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Anti-violence protests are fairly common

Anti-violence protests are fairly common

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AntiViolence (copy)

Self identified gang members, from left, Reyshawn Council, Robert Hicks and Rico Pearson hold up a series of bandanas tied together to symbolize their desire to stop gang violence at an anti-violence rally on June 7 in Winston-Salem.

In response to the letter writer who asked, “Where are the large demonstrations and riots” when Black people kill other Black people? one answer is that there are and have been “Stop the Violence” demonstrations in Black communities all over the country for decades that address that very issue.

A brief Google search on “anti-violence rallies” reveals more than a dozen such demonstrations within the last month alone. They are relatively small because they are based in local neighborhoods; as such, they do not receive national media coverage.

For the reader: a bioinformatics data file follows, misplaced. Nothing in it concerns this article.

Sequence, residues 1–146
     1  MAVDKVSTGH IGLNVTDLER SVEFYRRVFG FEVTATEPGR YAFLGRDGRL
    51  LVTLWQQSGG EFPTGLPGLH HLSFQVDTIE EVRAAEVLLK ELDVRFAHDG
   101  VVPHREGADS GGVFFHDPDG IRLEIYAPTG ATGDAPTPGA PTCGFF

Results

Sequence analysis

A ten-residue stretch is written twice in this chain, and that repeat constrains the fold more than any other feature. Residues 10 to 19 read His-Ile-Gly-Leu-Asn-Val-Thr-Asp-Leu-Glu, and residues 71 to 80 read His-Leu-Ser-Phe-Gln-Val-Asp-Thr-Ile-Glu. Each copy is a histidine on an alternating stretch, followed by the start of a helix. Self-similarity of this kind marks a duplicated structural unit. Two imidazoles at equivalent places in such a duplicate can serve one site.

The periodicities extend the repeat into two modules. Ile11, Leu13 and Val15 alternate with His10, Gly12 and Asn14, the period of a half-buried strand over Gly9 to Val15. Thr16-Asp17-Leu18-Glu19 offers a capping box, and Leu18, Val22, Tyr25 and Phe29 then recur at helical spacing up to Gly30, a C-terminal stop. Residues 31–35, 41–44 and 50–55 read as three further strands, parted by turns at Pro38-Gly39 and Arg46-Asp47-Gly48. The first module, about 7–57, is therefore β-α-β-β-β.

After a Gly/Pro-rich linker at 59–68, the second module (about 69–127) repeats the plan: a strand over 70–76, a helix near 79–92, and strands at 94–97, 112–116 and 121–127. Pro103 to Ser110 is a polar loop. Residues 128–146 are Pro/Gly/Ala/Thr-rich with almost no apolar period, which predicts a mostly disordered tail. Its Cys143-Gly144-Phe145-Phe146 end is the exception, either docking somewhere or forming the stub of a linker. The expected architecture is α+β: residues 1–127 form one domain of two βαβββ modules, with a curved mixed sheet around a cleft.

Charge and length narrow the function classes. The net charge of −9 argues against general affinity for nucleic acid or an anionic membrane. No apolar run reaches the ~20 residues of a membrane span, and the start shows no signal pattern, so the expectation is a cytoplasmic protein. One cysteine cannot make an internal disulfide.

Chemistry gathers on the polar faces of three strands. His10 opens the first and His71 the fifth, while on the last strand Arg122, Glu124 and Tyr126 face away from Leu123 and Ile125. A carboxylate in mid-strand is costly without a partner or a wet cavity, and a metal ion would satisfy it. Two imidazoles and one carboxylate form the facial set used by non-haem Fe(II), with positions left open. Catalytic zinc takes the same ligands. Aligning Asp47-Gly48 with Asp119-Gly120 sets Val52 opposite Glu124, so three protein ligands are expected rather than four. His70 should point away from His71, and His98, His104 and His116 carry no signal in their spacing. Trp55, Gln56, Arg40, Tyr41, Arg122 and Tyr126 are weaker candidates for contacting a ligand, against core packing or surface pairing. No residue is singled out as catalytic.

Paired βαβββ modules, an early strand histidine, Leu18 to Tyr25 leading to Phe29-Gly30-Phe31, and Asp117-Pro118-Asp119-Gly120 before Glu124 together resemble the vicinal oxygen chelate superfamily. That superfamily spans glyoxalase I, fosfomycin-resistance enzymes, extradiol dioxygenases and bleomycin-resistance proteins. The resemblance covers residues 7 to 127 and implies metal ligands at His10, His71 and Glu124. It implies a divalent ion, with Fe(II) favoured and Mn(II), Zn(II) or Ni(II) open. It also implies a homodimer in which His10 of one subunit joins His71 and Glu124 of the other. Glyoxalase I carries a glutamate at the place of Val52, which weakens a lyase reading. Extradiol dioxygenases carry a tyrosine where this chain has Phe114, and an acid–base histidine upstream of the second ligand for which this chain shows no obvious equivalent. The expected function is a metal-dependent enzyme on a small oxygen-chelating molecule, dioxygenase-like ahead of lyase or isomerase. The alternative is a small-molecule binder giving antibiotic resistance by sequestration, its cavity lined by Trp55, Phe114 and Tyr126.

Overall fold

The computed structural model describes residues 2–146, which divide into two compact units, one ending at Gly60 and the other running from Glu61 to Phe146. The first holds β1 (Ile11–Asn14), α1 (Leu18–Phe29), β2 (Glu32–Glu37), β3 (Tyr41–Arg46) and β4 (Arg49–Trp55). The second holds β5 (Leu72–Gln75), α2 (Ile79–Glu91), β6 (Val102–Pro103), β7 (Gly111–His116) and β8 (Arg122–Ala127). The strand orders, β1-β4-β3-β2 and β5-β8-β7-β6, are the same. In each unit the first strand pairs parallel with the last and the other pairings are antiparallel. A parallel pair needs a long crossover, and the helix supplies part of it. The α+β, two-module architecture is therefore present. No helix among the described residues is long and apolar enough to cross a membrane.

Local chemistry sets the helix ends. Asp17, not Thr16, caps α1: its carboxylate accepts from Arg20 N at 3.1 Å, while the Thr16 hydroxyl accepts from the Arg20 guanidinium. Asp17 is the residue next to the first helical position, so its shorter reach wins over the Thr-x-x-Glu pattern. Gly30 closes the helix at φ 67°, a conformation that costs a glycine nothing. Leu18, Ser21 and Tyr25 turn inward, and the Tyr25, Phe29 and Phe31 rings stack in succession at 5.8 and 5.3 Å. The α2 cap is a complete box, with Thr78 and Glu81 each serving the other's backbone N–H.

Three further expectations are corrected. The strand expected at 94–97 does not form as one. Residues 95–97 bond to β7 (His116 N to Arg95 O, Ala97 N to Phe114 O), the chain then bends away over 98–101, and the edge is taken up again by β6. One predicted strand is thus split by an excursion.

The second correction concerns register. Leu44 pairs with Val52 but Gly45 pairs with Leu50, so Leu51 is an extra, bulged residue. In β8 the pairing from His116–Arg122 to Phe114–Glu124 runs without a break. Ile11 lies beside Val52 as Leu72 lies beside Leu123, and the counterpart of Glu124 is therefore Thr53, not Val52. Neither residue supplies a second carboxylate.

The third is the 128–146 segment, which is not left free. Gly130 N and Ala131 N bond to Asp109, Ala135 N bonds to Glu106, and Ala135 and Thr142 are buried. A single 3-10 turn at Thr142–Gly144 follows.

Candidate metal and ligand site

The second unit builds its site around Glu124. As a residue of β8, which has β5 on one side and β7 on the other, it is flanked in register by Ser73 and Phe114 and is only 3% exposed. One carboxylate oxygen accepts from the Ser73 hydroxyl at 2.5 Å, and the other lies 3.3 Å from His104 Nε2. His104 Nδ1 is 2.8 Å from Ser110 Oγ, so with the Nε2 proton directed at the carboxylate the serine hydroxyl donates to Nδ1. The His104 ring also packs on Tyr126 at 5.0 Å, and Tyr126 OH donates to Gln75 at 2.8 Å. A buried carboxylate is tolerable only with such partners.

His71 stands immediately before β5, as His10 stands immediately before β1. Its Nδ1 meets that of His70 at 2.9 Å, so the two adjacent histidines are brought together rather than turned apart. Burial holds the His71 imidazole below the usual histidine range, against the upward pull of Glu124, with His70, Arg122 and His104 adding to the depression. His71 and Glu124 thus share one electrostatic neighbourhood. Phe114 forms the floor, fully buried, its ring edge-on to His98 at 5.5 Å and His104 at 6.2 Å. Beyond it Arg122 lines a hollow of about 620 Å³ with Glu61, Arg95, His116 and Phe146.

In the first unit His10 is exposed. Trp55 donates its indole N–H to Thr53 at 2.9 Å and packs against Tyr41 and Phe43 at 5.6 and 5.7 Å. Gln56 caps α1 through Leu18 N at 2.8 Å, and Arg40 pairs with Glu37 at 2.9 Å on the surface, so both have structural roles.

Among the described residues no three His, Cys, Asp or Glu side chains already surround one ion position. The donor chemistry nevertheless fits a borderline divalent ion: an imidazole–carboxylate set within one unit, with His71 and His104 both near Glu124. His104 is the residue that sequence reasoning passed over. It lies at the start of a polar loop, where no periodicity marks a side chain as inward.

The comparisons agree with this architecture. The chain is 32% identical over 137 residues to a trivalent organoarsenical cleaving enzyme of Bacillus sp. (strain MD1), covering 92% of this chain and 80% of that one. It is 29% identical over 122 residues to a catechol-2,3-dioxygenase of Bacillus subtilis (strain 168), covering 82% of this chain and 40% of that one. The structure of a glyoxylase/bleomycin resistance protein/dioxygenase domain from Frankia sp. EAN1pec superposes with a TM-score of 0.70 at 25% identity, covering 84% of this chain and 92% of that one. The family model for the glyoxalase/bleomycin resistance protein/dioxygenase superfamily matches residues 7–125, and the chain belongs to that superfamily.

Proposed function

Nevertheless, if you research this issue, you will find that there are more anti-violence rallies, cookouts, etc., in Black communities than there are demonstrations against police brutality.

The Grove/Eastside Greensboro community, to cite one example, is hosting its fourth annual Stop the Violence Cookout next month. It is part of a Stop the Violence movement that has counterparts in many cities nationwide.

However, the question I have is why do some people raise the issue of Blacks killing Blacks only when the subject of police killings of Black people comes up? Could it be that they only care about the issue when they can use it against calls for racial justice?

Keith Harrington

Greensboro

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